Adding to its already robust feature set, HDMI 2.1 technology is being updated to support Source-Based Tone Mapping (SBTM) in HDMI 2.1a, the upcoming version introduced by the HDMI Licensing Administrator and HDMI Forum groups during a pre-CES briefing Tuesday.
The feature is said to improve the all-important HDR (High Dynamic Range) technology that helps fuel the HDMI 2.1 ecosystem’s 4K image quality.
The HDMI groups won’t have a presence at CES 2022 they said, but HDMI LA CEO/president Rob Tobias and HDMI Forum president Chandlee Harrell had lots of reasons for the custom channel to be excited about the interface as HDMI celebrates its 20th anniversary in 2022.
Going from 2.0 to 2.1 provided a leap forward for home entertainment capabilities, and as Ultra High Speed (UHS) cables proliferate and sources such as the latest gaming consoles and 4K/8K displays take advantage of its myriad features, AV systems will generate even better quality, Tobias and Harrell note – a win-win for integrators and consumers.
The addition of Source-Based Tone Mapping in the upcoming HDMI 2.1a spec provides communications between sources and displays (sinks) so the display and enables sources to assist the displays with HDR processing, which is typically where the heavy lifting is done.
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“This is really around getting the most out of High Dynamic Range,” Harrell says. “It’s a new feature that allows a portion of this HDR tone mapping to be performed by the source device in addition to tone-mapping done by the display device.”
Sharing the tone-mapping capabilities enables the source to send video that takes full advantage of a specific display’s HDR capabilities, he says, done by adjusting output of the source device to match up with the sink.
“This is an important new HDR capability to HDMI-enabled products to further enhance consumers’ high-quality viewing experience,” Harrell says.
HDMI 2.1a Source-Based Tone Mapping Helps Address Huge Color & Brightness Range
For context, he noted that today’s TVs deliver much broader color and brightness ranges than ever, and HDR is frequently used to map both Standard and High Dynamic Range content. The processing combines dynamic brights, deeper blacks, brighter whites and the huge range of colors to generate an immersive image.
“Displays – TVs, PC monitors – are supporting that content, but not all displays have the same HDR capability; they have different ranges, different color brightnesses,” Harrell explains. “That’s fine when it’s one video stream of HDR video transmitting HDR10, HLG, because the TV will typically map HDR content into the display’s capability to get the maximum color and contrast.”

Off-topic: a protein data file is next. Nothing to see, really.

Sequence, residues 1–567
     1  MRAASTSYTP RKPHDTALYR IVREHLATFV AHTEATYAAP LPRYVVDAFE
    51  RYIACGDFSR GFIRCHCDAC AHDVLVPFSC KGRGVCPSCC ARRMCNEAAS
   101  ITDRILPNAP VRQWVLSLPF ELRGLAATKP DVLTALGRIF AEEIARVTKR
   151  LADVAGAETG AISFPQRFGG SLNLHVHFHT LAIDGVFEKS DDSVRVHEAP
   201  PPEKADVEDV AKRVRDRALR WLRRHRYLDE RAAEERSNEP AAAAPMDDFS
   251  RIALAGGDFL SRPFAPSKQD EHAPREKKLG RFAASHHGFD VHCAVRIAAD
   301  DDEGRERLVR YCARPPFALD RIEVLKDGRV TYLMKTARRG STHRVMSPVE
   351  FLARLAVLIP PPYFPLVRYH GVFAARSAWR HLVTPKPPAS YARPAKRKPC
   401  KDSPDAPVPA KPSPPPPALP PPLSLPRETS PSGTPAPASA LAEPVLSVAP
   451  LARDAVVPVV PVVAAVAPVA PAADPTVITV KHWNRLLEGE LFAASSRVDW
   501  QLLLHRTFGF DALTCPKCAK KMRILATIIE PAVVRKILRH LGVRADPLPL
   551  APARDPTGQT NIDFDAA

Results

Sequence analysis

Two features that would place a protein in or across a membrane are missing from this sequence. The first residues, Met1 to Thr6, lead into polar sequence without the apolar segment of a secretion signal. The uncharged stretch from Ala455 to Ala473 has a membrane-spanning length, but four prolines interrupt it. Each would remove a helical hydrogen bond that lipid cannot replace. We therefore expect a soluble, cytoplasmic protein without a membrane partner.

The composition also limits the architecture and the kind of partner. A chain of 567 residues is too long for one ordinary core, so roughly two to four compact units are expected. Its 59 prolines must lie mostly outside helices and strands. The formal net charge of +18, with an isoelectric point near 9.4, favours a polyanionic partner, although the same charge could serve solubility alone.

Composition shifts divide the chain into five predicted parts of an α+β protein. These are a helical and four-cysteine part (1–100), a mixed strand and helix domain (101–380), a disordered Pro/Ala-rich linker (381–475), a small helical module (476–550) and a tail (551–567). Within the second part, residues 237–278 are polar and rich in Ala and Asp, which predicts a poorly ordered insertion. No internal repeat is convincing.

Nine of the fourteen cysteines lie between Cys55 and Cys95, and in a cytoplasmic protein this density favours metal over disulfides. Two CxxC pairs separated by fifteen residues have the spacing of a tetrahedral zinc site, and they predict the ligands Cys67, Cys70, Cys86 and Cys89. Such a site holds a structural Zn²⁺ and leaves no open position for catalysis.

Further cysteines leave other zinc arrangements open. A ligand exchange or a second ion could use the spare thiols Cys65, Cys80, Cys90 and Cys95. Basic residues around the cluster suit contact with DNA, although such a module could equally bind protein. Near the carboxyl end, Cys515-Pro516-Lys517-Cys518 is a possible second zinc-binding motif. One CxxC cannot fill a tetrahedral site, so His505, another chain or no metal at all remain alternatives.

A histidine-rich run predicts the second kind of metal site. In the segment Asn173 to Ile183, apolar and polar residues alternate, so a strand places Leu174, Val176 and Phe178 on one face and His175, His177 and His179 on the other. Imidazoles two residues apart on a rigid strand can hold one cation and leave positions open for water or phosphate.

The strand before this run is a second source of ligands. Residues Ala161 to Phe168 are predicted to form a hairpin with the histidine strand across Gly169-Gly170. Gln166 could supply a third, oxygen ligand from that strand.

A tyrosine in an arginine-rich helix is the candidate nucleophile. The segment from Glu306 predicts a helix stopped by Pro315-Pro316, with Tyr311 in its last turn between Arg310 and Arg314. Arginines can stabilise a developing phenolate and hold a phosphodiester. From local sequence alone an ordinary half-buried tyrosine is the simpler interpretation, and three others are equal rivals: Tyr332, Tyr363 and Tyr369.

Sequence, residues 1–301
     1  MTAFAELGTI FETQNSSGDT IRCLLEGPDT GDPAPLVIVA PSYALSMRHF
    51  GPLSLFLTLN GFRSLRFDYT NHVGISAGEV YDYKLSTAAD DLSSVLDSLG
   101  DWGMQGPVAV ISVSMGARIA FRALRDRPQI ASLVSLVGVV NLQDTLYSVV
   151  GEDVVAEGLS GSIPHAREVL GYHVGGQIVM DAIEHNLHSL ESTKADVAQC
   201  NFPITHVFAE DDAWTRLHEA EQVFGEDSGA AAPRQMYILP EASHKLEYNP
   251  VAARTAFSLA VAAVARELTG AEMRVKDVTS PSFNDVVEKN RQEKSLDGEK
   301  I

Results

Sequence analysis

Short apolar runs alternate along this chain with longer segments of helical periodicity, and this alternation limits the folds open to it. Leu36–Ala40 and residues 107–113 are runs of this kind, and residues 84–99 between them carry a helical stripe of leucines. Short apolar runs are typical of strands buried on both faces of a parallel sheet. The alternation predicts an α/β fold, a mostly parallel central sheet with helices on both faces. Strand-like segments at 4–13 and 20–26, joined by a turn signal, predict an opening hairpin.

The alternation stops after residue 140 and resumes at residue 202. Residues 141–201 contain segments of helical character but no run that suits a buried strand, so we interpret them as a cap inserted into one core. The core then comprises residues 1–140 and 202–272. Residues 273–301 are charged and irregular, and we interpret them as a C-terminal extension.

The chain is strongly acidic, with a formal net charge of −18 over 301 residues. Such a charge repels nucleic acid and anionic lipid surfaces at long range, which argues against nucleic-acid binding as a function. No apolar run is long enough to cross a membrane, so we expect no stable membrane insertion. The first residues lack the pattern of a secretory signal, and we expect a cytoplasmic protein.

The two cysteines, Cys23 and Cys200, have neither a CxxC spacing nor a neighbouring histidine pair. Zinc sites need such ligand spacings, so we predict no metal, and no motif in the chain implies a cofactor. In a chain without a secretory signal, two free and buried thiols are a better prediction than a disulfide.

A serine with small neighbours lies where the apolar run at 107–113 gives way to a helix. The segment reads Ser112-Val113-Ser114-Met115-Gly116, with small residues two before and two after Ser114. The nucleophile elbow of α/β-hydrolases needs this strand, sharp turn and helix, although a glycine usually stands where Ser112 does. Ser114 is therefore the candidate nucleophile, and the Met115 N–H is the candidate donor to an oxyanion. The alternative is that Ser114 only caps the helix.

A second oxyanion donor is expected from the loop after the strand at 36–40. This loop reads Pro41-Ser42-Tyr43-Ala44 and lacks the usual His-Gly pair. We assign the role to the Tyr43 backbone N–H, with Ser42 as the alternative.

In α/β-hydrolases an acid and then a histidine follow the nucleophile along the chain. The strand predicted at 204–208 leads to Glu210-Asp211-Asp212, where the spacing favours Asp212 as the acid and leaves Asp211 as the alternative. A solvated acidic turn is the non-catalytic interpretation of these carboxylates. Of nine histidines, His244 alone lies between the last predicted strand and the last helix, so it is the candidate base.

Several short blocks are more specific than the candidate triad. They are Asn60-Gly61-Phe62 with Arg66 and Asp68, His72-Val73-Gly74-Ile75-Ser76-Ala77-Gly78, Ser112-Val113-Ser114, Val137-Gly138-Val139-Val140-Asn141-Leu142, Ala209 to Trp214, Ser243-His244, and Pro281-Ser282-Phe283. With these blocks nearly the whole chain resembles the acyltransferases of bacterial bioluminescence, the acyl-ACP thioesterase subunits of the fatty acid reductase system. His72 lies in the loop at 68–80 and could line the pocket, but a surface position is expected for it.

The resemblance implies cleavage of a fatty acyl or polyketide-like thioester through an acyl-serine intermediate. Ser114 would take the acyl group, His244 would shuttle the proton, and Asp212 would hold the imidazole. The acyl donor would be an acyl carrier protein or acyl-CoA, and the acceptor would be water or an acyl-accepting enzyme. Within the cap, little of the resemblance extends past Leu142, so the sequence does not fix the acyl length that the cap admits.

But, he notes, these days there’s a range of current and legacy content throwing HDR, SDR, dynamic HDR, high-resolution graphics or a user interface at the display, together at the same time, Harrell says. Think of perhaps a home navigation screen when surfing Netflix, or maybe a connected smart home UI on a large display.
“This can be a difficulty for the one-stream HDR that’s been available to date,” he says. “Source-Based Tone Mapping addresses this problem and allows the source to send this different type of content in a video signal that takes advantage of the display’s capabilities, combining the content. Rather than using a fixed set of brightness and color ranges for aggregate content, it uses a separate set of parameters for each of those different content types.”
That enables the source to adapt this content to the specific display’s HDR, SDR and dynamic HDR capabilities. Integrators should note the feature is very applicable to the gaming market, Harrell adds.
“In some instances, PCs and games have asked the user to manually adjust content to try to optimize these kinds of issues for HDR, and SBTM can be used to help eliminate that,” he says. The multi-windowed PC gaming experience was cited as a specific use case benefiting from SBTM, Harrell says, in which each monitor/display in a high-performance setup can be optimized for the potential mixed bag of content it’s receiving during game play, without user configuration.
Gamers comprise a key HDMI 2.1 demographic thanks to next-generation Xbox and PlayStation consoles, immersive audio experiences and the need for blazing, high-quality imagery. HDMI 2.1a adds to important features catered to the gaming sector with HDMI 2.1’s Variable Refresh Rate, Auto Low Latency Mode and Quick Frame Transport introductions.
All types of set-top boxes and many other devices, including various displays, will be able to implement the HDMI 2.1a SBTM feature, many via firmware upgrade, depending on the design. Both source and sink need to be upgraded for the feature to work.
Harrell adds that HDMI 2.1a version will also enhance the interface’s Quick Media Switching (QMS) feature.